Biomaterials for Promoting Self-Healing of Bone Tissue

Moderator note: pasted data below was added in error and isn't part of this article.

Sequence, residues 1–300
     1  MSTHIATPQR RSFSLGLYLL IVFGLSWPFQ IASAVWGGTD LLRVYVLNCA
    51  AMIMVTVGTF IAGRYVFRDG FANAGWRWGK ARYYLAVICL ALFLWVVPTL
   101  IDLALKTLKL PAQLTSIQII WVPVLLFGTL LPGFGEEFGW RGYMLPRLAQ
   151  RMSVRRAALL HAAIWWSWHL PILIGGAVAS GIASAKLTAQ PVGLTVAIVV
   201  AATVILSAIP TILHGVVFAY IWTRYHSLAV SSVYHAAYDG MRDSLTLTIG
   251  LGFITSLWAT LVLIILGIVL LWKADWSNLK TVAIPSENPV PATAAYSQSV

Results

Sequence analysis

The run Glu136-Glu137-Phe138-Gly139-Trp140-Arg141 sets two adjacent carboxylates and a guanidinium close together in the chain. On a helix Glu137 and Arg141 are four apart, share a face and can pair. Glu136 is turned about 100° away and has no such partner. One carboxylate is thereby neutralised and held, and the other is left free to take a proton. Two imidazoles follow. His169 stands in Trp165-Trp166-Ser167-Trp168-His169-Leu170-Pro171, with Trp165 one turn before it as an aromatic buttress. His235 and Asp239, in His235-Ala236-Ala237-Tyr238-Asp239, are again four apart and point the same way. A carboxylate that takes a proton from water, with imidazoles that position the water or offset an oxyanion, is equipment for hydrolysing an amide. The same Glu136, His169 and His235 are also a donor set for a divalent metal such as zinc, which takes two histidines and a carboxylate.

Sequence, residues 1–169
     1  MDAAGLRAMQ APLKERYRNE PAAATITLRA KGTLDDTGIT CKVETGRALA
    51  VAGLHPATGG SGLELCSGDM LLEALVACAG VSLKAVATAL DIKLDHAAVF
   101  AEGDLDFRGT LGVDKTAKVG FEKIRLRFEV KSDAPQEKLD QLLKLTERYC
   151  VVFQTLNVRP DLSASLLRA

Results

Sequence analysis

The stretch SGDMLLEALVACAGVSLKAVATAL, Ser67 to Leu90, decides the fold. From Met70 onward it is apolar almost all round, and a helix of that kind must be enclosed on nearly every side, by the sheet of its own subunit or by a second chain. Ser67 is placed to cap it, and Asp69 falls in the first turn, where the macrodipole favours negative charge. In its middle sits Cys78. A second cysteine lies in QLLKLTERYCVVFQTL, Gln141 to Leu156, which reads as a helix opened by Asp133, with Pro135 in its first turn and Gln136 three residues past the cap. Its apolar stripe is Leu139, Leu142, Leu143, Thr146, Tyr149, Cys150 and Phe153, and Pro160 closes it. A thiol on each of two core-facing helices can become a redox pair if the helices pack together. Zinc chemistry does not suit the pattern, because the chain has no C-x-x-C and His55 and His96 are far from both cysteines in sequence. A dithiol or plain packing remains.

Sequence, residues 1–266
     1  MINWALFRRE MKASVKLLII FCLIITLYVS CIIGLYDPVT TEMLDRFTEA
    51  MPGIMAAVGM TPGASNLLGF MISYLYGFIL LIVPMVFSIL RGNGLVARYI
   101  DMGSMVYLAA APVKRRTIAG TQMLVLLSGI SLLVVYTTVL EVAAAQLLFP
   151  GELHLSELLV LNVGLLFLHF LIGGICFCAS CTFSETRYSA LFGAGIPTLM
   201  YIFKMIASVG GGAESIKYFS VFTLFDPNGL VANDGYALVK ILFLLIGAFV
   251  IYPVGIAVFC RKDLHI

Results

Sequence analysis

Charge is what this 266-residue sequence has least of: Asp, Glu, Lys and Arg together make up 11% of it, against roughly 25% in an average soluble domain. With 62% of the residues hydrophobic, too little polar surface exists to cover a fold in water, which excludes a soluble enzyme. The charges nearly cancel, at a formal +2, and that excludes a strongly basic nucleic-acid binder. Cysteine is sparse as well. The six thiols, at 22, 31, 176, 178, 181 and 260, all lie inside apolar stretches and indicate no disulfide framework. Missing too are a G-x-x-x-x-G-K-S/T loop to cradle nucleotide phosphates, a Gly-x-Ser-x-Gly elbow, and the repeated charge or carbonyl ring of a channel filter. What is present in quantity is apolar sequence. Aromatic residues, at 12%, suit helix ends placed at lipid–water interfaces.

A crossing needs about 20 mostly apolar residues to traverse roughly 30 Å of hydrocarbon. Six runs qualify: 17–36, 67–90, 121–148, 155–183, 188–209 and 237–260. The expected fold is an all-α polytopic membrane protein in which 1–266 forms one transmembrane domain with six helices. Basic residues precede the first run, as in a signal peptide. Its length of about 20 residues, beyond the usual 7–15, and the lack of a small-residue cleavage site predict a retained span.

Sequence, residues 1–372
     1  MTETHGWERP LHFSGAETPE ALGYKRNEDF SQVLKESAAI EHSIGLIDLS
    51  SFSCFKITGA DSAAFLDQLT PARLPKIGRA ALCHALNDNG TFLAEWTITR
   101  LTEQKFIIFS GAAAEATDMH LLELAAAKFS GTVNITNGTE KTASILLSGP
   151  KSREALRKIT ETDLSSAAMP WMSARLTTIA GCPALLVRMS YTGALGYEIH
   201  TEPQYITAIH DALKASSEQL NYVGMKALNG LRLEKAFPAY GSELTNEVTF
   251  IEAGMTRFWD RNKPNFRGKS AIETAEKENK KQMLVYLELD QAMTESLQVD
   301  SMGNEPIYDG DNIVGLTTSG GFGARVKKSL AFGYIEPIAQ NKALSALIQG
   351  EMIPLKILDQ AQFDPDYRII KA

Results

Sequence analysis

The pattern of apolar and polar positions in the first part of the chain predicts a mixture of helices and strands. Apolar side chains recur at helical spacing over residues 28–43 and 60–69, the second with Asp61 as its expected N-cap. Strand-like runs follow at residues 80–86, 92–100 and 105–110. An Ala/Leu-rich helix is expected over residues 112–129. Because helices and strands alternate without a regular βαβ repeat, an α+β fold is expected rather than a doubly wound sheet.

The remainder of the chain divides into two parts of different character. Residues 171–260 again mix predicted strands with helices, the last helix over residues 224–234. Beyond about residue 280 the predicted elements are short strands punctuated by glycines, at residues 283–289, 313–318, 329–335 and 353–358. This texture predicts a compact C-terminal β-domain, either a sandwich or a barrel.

Sammanfattning: The present work addresses poor bone/implant integration and severe bone defects. In both conditions external stimuli is required for new bone to form. A multilayered functional implant coating, comprised of an inner layer of crystalline titanium dioxide (TiO2) and an outer layer of hydroxyapatite (HAP), loaded with bone morphogenetic protein-2 (BMP-2), was proposed as a tool for providing both improved initial bone formation and long-term osseointegration. The in vitro characterization of the implant coatings showed that TiO2 and HAP were more favorable for cell viability, cell morphology and initial cell differentiation, compared to native titanium oxide. Furthermore, significantly higher cell differentiation was observed on surfaces with BMP-2, indicating that a simple soaking process can be used for incorporating bioactive molecules. Moreover, the results suggest that there could be a direct interaction between BMP-2 and HAP, which prolongs the retention of the growth factor, improving its therapeutic effect. For treating severe bone defects a strategy involving BMP-2 delivery from hyaluronan hydrogels was explored. The hydrogels were prepared from two reactive polymers – an aldehyde-modified hyaluronan and a hydrazide-modified poly(vinyl alcohol). Upon mixing, the two components formed a chemically crosslinked hydrogel. In this work the mixing of the hydrogel components was optimized by rheological measurements. Furthermore, an appropriate buffer was selected for in vitro experiments by studying the swelling of hydrogels in PBS and in cell culture medium. A detection method, based on radioactive labeling of BMP-2 with 125I was used to monitor growth factor release both in vitro and in vivo. The results showed a biphasic release profile of BMP-2, where approximately 16 %  and 3 % of the growth factor remained inside the hydrogel after 4 weeks in vitro and in vivo, respectively. The initial fast release phase corresponded to the early ectopic bone formation observed 8 d after injection of the hydrogel formulation in the thigh muscle of rats. The hydrogel formulation could be improved by incorporation of HAP powder into the hydrogel formulation. Furthermore, bone formation could be increased by pre-incubation of the premixed hydrogel components inside the syringe prior to injection. Crushed hydrogels were also observed to induce more bone formation compared to solid hydrogels, when implanted subcutaneously in rats. This was thought to be due to increased surface area of the hydrogel, which allowed for improved cell infiltration.